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01-16-2008, 05:28 PM   #31
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QuoteOriginally posted by jnorth Quote
I wouldn't want to use a fisheye for a pano unless it was a qtvr type pano.

Why is that? I use mine in vertical format for producing static panos (rectilinear or cylindrical) when I need a relatively high vertical angle of view (and I'm too lazy or too time constrained to shoot a multi-row array). There is no way that anyone can tell what the geometric characteristic of the optic were that was used to capture the array after the pano is generated.

01-20-2008, 12:45 AM   #32
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Finally Did It

Hi guys...I finally put together a 12 shot panorama today with my K100D..Stitched it together and it looks great, but try as I might, I have no idea how to post a picture in this message. Thanks for all the tips guys.
01-20-2008, 01:21 AM   #33
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I'm a little too tired to do anything tonight, but if you can't figure it out e-mail it to me at
stu at bcscenicwonder dot com and I'll post it on Sunday sometime.

Make sure that you write down Pano or something like that on the subject.
01-20-2008, 03:21 PM   #34
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Thanks Stu...email is on the way. I'll take a look at the FAQ again and see if I can figure out how to post pics on this forum....maybe this will work:





yeah...victory...


Last edited by tgrimes; 01-20-2008 at 03:57 PM. Reason: pano added
01-20-2008, 06:22 PM   #35
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tgrimes,

Let me start by saying that you did a wonderful job.
I tried to improve upon it with a little post processing, but couldn't. Which is a good thing

I reduced the size to 3500 pixels wide. That's more than wide enough for the web

Anyways here's the finished product.

I'm using the Image Wide format, so it'll fit on the screen for most people. Clicking on it will give them a bigger picture, and if they'd like to see the full size they can open it in a new window or view picture.

I see several dots in the blue sky, which is dust on your sensor.
It's easy to clean. The chances are that you can just blow it off using a Rocket Blower.

I'd recommend that you get one of the cleaning kits, from Giottos.
You can find them in most decent camera stores for about $20.00.
They might even show you how to use it.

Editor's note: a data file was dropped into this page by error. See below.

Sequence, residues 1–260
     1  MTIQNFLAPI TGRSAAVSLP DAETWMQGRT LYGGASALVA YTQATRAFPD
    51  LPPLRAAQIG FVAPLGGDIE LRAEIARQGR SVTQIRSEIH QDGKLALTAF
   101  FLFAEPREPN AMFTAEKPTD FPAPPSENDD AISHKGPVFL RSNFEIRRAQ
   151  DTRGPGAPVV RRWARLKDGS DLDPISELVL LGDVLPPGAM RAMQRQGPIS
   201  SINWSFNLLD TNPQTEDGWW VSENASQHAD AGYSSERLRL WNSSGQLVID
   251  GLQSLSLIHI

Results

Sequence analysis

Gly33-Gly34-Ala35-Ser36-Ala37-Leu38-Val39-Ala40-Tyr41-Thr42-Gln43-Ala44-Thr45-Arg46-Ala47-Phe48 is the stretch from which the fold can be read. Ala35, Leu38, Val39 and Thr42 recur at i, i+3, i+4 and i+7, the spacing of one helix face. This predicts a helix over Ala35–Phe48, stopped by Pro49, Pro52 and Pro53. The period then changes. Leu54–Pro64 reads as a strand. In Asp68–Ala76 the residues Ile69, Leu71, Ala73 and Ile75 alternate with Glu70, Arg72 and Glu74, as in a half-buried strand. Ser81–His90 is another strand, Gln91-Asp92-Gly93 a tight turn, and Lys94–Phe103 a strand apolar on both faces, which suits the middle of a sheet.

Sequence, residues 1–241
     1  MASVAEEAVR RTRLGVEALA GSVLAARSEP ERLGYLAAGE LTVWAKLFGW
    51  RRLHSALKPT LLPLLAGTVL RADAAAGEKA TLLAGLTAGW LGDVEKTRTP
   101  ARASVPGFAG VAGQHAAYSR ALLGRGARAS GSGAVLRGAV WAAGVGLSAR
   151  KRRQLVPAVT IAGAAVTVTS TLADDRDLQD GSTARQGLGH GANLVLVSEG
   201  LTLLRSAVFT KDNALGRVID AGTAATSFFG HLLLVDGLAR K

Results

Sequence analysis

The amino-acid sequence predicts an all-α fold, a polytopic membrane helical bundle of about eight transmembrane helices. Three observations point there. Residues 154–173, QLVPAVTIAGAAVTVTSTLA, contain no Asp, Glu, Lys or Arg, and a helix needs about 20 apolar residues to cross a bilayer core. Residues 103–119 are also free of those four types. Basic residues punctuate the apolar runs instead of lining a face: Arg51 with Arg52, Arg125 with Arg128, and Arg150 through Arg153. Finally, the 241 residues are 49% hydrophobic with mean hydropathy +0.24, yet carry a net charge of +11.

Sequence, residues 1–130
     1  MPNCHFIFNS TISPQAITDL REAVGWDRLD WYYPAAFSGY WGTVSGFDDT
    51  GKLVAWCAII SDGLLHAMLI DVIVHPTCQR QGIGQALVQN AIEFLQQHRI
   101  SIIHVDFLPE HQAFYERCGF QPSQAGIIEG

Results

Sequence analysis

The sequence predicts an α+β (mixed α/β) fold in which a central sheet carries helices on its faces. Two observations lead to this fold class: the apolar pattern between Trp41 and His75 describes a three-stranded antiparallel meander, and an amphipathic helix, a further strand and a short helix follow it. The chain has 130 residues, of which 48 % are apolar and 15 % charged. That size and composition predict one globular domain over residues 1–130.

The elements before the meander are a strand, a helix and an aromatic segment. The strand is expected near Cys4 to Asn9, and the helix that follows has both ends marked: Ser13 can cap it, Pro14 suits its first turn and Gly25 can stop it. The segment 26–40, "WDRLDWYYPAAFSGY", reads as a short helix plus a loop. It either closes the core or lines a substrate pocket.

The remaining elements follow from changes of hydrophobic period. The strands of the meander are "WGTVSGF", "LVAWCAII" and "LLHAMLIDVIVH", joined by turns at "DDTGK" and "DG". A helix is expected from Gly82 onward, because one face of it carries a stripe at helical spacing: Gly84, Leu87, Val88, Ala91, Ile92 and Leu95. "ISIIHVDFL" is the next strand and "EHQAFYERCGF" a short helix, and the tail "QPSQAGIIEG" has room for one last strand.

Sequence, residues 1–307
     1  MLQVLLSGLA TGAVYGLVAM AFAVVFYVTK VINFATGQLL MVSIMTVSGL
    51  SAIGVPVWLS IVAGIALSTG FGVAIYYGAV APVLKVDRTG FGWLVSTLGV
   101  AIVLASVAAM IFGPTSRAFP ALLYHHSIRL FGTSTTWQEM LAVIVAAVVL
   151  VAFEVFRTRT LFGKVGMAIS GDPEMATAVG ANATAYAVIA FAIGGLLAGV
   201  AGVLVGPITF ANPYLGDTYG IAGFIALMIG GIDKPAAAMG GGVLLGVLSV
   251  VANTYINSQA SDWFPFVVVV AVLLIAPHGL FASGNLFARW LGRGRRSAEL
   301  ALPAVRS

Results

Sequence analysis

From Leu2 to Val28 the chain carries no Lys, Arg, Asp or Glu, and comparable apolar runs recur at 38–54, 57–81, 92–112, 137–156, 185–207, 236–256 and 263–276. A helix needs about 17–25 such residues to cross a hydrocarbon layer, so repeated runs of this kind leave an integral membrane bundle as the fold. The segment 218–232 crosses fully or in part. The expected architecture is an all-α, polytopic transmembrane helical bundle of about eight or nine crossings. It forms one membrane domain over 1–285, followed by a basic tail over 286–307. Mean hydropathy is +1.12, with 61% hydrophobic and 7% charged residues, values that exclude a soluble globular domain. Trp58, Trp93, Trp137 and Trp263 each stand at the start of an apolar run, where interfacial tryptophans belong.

Last edited by little laker; 01-20-2008 at 06:29 PM.
01-20-2008, 11:20 PM   #36
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Thanks again Stu...cleaning kit ordered tonight (no camera stores near by). Hopefully it will have some instructions. I guess it is best to minimize lens changing activity.
01-20-2008, 11:31 PM   #37
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No problem tgrimes

I doubt that the kit will have instructions, but someone here will walk you through the procedure.

Lens changes are part of life, and so is dealing with the dust when happens.
There is a chance that your camera even had that spot right from the factory.

You just learn what to look for, and how to deal with it at the time.

Try not to change the lens in dusty conditions.
Point the camera upside down when changing them.
Loosen the rear lens cap on the new lens first, so your not fiddling with it without a lens on your camera.
Keep your camera bag clean inside and out, plus blow off your lenses from time to time.

Just little things like that will help keep the sensor clean, but they still won't eliminate the problem.

I could have fixed your image with my software as well, but never thought of it at the time.
01-21-2008, 09:11 PM   #38
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QuoteOriginally posted by tgrimes Quote
I appreciate all the responses to my question. Lots of great advice, but I am dense. On my P&S, in panorama mode, it showed me the last image with a line to over lap the next image and so on. It is very easy to align images for great panorama shots. I have tried for the last two weeks with my K100D to figure out how to align the last image with the new and I just can figure it out. Some of you mentioned an overlap of 30% or so...how the heck do I overlap if I can't see the last image in my viewfinder? Do I just guess? Thanks for the help all...I am not totally inept, I did manage to get a picture I took with my new K100D published in the local newspaper this week :-)

thanks...tg
What I do is to use the AF frame in the viewfinder to line up landmarks for overlap. In the first picture, I'll look at one of the AF corner marks, usually the one in the lower corner of the direction I'll be turning the camera to next (ie: if I'm panning left to right, I'll use the lower right AF corner as a guide for the next shot. That next shot I'll line up using the lower left AF corner. Repeat and rinse.). The AF corners work well for aligning horizontal rows. When I used a Fuji s5200, I used the rule of thirds lines, but the AF corners are pretty close and provide similar coverage

I took this one today handheld using this method:



01-22-2008, 03:27 PM   #39
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QuoteQuote:
I guess it is best to minimize lens changing activity.
Note that also when you use a zoom lens on your camera, every time you zoom in/out it pumps small amounts of air into the sensor chamber. I've had sensor dust appear and disappear in consecutive shots due to that reason.
04-14-2009, 08:37 PM   #40
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I also have a K100D super and want to do panos. I only have kit lenses at the moment but are in the process of buying a prime. I want the 31mm lense but my budget prevents that so I was looking at the FA 50mm 1.4 or the DA 40mm 2.8. Any suggestions would help.

Last edited by Mitch401; 04-14-2009 at 08:49 PM.
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